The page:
A former University of Idaho football player who was detained as a material witness but never called to testify during the terrorism-support trial of Sami Omar Al-Hussayen has been released from travel restrictions.

U.S. District Judge Edward Lodge lifted the 15-month-old restrictions earlier this month on Abdulla Al-Kidd, known as Lavoni T. Kidd when he led the Vandals in rushing his senior season in 1995. The move came even as federal prosecutors assessed the possibility of retrying Al-Hussayen on immigration charges.

A jury acquitted Al-Hussayen of using his computer skills to foster terrorism and of three immigration violations in an eight-week trial. It deadlocked on eight other immigration charges that the government could bring to trial again.

Al-Hussayen, the 34-year-old Saudi national pursuing a doctorate in computer science at the University of Idaho before his arrest on Feb. 26, 2003, remained in the Canyon County Jail pending a decision whether he should be retired.

He is also under a deportation order, which is being appealed. Al-Hussayen was only months from finishing his doctorate and has done some work on it from his cell. But his wife and three sons returned to Saudi Arabia in January rather than fight government efforts to deport them…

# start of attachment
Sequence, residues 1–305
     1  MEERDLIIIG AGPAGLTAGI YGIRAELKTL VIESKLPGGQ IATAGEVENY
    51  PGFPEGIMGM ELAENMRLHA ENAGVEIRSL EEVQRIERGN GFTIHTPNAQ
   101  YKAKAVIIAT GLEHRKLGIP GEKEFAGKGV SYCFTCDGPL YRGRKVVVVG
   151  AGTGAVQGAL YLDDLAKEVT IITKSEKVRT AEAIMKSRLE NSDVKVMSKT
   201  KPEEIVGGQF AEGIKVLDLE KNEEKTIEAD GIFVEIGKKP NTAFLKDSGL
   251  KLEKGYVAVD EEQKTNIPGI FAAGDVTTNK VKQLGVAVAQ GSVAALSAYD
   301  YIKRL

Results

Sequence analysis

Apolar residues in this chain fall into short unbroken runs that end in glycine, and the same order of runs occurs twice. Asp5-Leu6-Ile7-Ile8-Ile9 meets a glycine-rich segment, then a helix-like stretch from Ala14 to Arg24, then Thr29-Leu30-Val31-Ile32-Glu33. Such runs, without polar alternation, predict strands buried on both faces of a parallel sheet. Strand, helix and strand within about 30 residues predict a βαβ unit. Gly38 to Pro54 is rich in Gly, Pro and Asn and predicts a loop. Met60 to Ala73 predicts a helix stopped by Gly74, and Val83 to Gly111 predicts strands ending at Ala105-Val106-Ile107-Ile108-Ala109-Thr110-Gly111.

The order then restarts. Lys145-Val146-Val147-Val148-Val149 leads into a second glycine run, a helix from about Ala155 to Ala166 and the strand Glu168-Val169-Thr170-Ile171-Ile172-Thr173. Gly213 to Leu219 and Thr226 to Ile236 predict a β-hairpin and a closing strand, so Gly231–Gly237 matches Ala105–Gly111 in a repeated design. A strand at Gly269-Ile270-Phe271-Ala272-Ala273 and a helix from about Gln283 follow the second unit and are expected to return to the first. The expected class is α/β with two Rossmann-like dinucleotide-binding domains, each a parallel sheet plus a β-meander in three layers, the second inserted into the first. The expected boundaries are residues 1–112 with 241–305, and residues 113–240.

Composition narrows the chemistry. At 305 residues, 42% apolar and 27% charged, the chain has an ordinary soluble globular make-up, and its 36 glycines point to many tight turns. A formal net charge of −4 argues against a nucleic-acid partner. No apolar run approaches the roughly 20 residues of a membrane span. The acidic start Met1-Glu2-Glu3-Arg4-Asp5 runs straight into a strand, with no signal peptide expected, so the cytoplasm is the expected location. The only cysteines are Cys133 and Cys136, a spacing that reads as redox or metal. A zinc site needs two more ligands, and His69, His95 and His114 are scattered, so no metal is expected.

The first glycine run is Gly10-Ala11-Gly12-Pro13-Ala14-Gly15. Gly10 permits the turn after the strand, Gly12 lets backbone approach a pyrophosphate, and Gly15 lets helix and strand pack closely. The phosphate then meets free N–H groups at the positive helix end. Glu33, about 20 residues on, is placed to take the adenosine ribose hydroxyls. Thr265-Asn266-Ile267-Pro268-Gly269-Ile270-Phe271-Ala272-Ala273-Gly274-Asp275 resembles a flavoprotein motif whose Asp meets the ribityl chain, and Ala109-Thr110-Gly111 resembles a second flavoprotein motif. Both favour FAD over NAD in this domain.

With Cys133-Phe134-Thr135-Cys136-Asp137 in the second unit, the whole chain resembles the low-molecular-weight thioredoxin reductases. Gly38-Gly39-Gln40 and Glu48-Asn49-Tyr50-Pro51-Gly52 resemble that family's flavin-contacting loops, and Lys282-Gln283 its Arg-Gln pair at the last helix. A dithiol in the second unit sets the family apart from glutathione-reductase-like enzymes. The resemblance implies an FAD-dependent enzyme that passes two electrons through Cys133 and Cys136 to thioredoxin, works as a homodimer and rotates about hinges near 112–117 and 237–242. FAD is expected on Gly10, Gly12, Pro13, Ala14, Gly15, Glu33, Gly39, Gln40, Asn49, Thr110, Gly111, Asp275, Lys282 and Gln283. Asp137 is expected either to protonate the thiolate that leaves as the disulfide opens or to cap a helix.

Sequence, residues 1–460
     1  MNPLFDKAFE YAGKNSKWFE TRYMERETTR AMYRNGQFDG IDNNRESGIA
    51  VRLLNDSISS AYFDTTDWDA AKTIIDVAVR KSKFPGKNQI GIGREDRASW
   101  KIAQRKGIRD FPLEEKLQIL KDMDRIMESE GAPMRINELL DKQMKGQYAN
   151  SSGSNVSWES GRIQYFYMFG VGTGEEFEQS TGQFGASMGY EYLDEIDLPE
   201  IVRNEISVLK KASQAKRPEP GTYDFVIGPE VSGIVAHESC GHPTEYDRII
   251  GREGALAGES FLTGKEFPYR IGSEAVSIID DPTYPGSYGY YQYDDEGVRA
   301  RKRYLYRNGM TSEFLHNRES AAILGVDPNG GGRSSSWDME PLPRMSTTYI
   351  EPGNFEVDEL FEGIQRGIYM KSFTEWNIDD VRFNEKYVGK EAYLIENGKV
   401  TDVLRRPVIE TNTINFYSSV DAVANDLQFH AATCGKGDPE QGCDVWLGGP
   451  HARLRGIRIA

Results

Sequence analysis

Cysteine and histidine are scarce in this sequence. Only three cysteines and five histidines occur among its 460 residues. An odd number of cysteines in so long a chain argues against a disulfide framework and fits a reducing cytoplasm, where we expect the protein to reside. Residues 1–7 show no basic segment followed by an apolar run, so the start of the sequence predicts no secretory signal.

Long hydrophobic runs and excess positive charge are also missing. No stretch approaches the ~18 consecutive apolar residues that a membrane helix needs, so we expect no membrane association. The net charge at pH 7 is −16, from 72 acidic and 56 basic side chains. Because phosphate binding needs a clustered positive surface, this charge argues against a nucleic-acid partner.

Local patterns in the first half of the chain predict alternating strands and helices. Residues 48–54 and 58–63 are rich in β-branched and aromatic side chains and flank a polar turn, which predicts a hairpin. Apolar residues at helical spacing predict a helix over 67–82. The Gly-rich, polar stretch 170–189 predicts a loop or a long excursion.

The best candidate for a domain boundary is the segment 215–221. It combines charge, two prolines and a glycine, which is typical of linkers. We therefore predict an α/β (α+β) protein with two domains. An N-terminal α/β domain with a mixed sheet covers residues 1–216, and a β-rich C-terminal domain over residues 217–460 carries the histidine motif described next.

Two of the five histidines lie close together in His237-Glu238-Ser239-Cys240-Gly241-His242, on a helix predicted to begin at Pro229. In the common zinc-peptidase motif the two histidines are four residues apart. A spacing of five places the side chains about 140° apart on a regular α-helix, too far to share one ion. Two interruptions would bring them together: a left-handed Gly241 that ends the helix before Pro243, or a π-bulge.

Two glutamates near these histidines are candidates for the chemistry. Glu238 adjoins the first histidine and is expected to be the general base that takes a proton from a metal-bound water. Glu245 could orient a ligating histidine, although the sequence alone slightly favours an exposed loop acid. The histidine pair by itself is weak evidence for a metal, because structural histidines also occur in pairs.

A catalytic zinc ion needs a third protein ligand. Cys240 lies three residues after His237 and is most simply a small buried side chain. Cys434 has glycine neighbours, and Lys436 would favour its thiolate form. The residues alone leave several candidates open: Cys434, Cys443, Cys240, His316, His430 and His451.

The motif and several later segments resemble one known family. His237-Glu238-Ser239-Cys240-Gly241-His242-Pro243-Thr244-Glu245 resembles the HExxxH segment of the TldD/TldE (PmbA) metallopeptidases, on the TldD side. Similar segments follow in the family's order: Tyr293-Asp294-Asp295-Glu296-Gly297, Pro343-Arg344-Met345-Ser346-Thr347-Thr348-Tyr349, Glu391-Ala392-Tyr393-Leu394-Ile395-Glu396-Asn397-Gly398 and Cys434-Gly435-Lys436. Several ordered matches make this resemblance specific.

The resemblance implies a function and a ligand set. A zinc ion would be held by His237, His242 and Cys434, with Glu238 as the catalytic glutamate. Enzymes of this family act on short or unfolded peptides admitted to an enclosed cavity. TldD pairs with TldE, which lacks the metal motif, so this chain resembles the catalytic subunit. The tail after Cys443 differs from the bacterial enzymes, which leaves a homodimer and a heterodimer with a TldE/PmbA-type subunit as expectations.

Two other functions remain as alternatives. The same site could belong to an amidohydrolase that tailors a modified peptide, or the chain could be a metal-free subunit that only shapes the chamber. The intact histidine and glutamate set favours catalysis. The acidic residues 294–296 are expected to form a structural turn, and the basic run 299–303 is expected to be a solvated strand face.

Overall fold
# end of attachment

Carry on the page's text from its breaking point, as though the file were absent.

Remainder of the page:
Al-Kidd was arrested three weeks after Al-Hussayen last year and was jailed for two before he was released to the custody of his wife in Las Vegas and prohibited from traveling anywhere but California, Nevada, Washington and Idaho, where he has family. He had been a counselor for homeless teens in Seattle the previous year.

He was at Dulles International Airport in Washington, D.C., when he was taken into custody on March 16, 2003, heading for Saudi Arabia to begin studying Islam on a four-year scholarship.

Federal prosecutors maintained then that Al-Kidd had testimony crucial to their case against Al-Hussayen and if permitted to go to Saudi Arabia was unlikely to return for the trial. They claimed Al-Kidd or his wife, Nadine Zegura, received thousands of dollars from Al-Hussayen and his associates in 2000 and 2001 — money Al-Kidd claimed was paid for compiling a newsletter.

But he was never called during the trial, and his federal public defenders said the government’s action not only cost Al-Kidd the scholarship but employment opportunities as well.


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